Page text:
Whether Violent or Natural

Whether Violent or Natural | Natasha Calder

There’s nothing I like more than a good apocalyptic, end-of-the-world scenario novel, so I grabbed Whether Violent or Natural, interested in the premise of a world where antibiotics have failed (a plausible scenario).

But oh was I disappointed. I struggled to finish it, irritated by the voice of the narrator, Kit, and uneasy about the relationship between her and Crevan, with its underlying hints of some sort of weirdness between them. (Is it supposed to be some form of consensual sado-masochism? Or a man taking advantage of a vulnerable woman? Later events throw some light on this but in an unsatisfactory way.)

The novel has been praised for its writing style, noted as ‘lyrical’ and ‘strikingly original’. But writing style is something that one connects with in a deeply personal way; what you love I might hate, etc. And here my personal taste took over. I was just plain annoyed by the overblown prose, the lack of clarity, the weirdness (and not in a good way)…. It all struck me as rather self-indulgent.

And I found it annoyingly edited too. For example, in one early scene, Kit opens a door to half a wardrobe and describes the contents. She goes on and on about all the fabrics and colours and I’m thinking, wow, that’s one hell of a tardis of a (half-)wardrobe to fit all that stuff! An editor should surely have reined in that sort of hyperbole. Half a wardrobe and it’s got an entire household trousseau including quilt covers, as well as a huge variety of clothing — including tulle dresses (plural), which anyone could tell you would take up most of the space there already. All that to drop in the comment that the synthetics could be destroyed by a plastic-eating virus. Some might say that’s a neat, literary way to drop in an important piece of information like that (and again, another interesting scenario), but really, gimme a break. It took several pages and a tardis to get there. Needs a good dose of an editor’s red pen.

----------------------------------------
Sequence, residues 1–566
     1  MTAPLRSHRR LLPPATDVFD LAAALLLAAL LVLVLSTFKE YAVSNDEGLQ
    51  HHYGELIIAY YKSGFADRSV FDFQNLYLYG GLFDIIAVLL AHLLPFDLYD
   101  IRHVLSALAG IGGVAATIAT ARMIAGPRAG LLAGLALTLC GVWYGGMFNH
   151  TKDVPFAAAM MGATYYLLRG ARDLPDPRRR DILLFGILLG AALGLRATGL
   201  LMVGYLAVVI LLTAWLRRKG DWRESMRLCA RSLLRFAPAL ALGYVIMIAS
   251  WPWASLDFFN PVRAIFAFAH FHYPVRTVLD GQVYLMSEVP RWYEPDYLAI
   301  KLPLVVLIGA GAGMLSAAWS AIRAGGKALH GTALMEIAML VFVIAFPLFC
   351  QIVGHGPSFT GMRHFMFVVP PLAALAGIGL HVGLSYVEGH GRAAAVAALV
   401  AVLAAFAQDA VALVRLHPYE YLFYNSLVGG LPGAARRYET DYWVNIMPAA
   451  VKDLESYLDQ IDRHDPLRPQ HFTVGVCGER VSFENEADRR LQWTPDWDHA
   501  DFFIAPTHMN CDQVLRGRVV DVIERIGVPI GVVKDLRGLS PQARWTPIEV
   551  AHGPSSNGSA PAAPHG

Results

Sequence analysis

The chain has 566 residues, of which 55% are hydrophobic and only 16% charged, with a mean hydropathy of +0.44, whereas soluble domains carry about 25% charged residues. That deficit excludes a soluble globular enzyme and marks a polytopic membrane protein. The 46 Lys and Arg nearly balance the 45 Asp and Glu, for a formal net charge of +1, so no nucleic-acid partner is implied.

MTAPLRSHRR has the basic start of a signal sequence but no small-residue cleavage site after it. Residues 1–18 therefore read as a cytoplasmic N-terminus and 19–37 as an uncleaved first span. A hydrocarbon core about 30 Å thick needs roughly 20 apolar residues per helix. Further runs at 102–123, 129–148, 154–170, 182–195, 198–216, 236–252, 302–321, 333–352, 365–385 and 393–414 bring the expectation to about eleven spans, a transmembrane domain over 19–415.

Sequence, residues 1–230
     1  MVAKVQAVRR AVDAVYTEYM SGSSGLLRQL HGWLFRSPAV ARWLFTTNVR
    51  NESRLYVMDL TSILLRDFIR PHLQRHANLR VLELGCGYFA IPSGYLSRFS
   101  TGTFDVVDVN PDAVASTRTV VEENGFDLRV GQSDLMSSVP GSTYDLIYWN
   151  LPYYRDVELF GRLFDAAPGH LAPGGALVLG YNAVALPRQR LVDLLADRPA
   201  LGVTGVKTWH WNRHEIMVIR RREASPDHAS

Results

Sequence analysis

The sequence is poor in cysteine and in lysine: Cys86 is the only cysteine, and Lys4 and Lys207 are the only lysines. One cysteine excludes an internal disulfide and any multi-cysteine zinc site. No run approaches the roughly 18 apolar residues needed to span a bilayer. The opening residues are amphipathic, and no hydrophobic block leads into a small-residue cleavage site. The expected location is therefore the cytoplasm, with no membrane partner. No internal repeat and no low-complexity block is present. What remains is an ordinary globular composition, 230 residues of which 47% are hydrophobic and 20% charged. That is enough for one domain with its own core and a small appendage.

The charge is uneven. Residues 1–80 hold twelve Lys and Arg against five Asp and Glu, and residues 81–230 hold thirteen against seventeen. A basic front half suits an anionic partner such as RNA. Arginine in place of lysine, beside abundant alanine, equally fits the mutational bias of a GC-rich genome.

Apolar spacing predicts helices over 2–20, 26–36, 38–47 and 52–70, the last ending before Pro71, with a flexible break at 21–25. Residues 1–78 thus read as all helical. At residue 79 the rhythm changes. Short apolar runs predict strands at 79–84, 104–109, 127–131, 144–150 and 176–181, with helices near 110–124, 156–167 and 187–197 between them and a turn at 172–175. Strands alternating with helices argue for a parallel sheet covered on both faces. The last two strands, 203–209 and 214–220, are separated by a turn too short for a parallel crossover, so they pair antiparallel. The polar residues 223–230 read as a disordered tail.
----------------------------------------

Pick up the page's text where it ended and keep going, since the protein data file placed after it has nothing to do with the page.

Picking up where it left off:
If you’re a fan of Emily St. John Mandel’s Station Eleven, you might like Whether Violent or Natural. I am not, and I don’t, for much the same reasons. I’m not a fan of the approach to fiction that positions one novel as ‘LITERARY’ or ‘intelligent’ and another as ‘popular’ or ‘commercial’ fiction, based pretty much solely on the former using what are hardly more than literary gimmicks, such as overblown language or a weird narrative voice. What’s ‘literary’ and ‘intelligent’ for me is a novel (-ist) that builds a world convincingly, suspends my disbelief, nails my attention, stirs my emotions, pushes me to reflect on the human condition and/or gets my heart pounding. I need to connect. None of that is happening here. Kit’s rambling voice does not signal the deep emotional complexity I look for in a good novel, whether literary or commercial.

But tomato/tomayto. Perhaps some readers will like this.

My thanks to the publisher, author and Netgalley for providing an ARC. All my reviews are 100% honest and unbiased, regardless of how I acquire the book.

You might also enjoy: When the lights go out | Carys Bray

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